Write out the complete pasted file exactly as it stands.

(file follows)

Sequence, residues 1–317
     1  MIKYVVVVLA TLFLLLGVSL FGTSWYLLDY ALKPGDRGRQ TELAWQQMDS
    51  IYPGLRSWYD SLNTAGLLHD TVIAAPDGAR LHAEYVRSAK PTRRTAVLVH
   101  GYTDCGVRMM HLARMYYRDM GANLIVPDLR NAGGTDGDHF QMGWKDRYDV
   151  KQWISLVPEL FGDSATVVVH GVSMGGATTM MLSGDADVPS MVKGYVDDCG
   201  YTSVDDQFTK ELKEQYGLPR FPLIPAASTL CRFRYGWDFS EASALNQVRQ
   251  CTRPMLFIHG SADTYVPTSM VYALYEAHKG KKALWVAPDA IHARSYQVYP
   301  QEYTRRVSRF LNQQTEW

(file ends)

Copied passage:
Sequence, residues 1–317
     1  MIKYVVVVLA TLFLLLGVSL FGTSWYLLDY ALKPGDRGRQ TELAWQQMDS
    51  IYPGLRSWYD SLNTAGLLHD TVIAAPDGAR LHAEYVRSAK PTRRTAVLVH
   101  GYTDCGVRMM HLARMYYRDM GANLIVPDLR NAGGTDGDHF QMGWKDRYDV
   151  KQWISLVPEL FGDSATVVVH GVSMGGATTM MLSGDADVPS MVKGYVDDCG
   201  YTSVDDQFTK ELKEQYGLPR FPLIPAASTL CRFRYGWDFS EASALNQVRQ
   251  CTRPMLFIHG SADTYVPTSM VYALYEAHKG KKALWVAPDA IHARSYQVYP
   301  QEYTRRVSRF LNQQTEW